Transport Pay Scale Compared To Hospital Pay Scale
Posted 10 November 2008 - 04:02 PM
This question was posted on another nursing website and a suggestion was made to post the question here. I have to compliment the website moderators here at FlightWeb. After looking around your site, I am impressed with the information available.
I have recently accepted a new position as an RN on a ground transport team (critical care transport ambulance). My prior position was as a staff RN in a hospital that gave us excellent pay and benefits. An existing, privately owned, transport company expanded into our area about 4 months ago and approached me about hiring on with them when they were staffing the new station. When I (and two other RN's) accepted this new position, a lot of promises were made regarding education opportunities and compensation package (pay and benefits). The reality now is that the company is backing off on most of the promises after we have committed ourselves to working for this company. They are now reluctant to pay for any CE's or recerts and have taken the promised "after probation" pay raises and health insurance off the table. They also have withdrawn vacation and retirement benefits. Myself and the other RN's on our service are becoming frustrated with this.
My main question is how your pay as a transport nurse compares to working as staff in a hospital. I calculate that I took a 30% pay cut plus loss of benefits (no health insurance, vacation time or retirement). Is this normal for the transport positions?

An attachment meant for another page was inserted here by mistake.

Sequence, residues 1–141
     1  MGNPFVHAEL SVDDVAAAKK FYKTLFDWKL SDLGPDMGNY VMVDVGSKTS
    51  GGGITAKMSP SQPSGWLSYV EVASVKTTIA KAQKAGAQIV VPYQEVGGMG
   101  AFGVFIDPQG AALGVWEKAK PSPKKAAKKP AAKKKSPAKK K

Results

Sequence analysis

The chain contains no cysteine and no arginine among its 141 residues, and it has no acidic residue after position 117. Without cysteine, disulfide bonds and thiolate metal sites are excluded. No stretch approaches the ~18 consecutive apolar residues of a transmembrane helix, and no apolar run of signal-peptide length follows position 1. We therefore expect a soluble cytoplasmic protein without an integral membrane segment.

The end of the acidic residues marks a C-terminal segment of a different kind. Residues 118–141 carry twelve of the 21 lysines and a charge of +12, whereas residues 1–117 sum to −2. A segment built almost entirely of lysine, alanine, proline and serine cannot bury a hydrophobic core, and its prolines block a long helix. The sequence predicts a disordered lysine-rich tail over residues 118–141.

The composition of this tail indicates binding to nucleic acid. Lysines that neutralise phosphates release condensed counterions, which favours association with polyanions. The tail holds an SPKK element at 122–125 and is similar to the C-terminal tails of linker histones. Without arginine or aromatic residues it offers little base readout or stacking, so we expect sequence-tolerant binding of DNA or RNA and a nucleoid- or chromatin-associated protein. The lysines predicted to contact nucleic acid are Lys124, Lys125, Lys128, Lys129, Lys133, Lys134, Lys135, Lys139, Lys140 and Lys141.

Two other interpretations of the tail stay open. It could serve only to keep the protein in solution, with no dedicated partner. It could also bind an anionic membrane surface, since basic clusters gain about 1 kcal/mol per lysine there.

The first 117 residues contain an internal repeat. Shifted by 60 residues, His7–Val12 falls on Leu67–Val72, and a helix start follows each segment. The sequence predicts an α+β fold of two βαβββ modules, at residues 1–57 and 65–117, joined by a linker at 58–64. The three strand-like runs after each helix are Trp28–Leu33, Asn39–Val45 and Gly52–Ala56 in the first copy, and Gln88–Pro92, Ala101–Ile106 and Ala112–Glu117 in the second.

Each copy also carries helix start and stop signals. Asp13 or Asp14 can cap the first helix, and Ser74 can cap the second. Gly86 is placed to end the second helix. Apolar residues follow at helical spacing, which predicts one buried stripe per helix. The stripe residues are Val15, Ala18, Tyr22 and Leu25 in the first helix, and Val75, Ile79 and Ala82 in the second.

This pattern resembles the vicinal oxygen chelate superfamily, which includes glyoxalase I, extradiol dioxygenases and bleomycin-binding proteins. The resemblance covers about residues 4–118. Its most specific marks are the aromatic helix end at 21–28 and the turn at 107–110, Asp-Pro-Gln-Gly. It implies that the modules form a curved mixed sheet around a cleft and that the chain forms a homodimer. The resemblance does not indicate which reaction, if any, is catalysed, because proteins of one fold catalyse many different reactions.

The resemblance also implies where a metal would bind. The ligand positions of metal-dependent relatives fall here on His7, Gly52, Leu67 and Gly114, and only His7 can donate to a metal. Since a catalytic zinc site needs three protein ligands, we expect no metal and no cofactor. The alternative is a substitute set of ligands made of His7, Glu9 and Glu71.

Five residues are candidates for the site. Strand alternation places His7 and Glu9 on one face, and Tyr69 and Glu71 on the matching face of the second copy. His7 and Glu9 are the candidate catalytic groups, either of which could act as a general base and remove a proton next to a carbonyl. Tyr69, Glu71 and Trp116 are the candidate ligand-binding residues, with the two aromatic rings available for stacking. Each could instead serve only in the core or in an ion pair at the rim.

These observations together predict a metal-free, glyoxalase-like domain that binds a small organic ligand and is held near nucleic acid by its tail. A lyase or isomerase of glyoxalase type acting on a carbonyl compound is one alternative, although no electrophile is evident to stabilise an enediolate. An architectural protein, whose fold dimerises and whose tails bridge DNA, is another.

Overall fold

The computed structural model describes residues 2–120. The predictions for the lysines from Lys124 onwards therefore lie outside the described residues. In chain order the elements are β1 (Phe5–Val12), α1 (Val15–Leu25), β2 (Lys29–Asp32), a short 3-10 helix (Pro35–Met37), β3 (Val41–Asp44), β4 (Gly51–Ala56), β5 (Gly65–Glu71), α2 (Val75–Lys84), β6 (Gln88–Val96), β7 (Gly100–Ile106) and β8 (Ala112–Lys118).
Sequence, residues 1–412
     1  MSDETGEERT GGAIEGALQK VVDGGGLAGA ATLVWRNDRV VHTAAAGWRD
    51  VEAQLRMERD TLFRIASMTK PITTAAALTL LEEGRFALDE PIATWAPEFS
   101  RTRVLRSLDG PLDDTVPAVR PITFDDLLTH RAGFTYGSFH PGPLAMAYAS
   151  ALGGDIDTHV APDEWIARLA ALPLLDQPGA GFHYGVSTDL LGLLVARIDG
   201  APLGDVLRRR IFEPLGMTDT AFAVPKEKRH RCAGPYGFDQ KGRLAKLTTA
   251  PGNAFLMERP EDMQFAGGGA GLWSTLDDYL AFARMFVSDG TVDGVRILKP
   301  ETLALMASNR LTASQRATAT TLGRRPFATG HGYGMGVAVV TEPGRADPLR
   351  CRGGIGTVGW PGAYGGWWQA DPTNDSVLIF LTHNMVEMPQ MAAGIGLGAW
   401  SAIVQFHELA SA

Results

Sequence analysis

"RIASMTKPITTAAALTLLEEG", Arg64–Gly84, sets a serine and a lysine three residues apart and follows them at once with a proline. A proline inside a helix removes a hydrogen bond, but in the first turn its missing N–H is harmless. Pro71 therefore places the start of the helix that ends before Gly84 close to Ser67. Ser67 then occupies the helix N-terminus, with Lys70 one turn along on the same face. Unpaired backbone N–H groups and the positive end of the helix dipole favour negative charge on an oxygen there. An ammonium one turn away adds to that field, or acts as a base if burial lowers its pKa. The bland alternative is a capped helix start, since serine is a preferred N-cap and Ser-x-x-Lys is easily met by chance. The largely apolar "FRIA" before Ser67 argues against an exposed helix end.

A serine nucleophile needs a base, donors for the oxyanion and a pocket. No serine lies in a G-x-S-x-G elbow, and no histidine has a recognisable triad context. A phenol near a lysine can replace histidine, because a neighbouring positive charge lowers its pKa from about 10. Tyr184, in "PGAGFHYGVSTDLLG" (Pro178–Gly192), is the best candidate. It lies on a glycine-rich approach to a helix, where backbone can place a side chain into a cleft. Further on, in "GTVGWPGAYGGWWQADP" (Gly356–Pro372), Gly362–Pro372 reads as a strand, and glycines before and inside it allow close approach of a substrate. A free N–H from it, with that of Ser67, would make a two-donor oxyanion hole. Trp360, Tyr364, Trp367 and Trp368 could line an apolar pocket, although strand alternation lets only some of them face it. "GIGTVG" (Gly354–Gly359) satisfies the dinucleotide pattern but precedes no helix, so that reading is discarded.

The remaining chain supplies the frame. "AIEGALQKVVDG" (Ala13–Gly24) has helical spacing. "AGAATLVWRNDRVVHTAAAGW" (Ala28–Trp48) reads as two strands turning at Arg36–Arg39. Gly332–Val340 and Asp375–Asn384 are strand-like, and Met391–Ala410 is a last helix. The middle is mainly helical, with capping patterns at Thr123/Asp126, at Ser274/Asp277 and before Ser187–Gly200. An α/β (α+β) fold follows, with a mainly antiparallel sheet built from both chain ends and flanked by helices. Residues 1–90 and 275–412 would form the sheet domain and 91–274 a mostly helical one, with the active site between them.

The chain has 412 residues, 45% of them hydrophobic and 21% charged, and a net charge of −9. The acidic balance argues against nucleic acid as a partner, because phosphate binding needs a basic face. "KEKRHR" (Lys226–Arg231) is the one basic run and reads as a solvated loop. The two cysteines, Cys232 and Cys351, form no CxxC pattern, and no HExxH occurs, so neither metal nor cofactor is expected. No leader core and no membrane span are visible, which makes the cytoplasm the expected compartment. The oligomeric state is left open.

Thanks in advance for any advice or information.
Posted 10 November 2008 - 04:20 PM
First, Quit. This company is obviously a bunch of liars.
Second, I know new grad RNs in the hospital who made as much as I did in HEMS. At the top end of the payscale where I was it was still 2-3$ less than the hospital per hour plus the benefits are generally not as good.
Sadly, this has occurred because of the popularity of the job. It is all supply and demand. Alot of people apply for HEMS jobs and (since the industry has dumbed down their hiring policies) the supply is often greater than demand. In companies where they have kept high hiring policies they are often finding it hard to get qualified applicants and either are forced to pay more or lower standards.
Sad but that is what it has come to.
"What gets us into trouble is not what we don't know
It's what we know for sure that just ain't so" - Mark Twain
Posted 13 November 2008 - 02:17 PM
As Mike said, transport jobs tend to pay less because there is no shortage of applicants. Many places seem not to place any premium on experience or qualifications.
However, there are many positions that wouldn't require as much of a pay cut as you took, and every place I've ever looked into at least offered basic healthcare insurance and paid time off.
Posted 13 November 2008 - 04:11 PM
Posted 13 November 2008 - 05:53 PM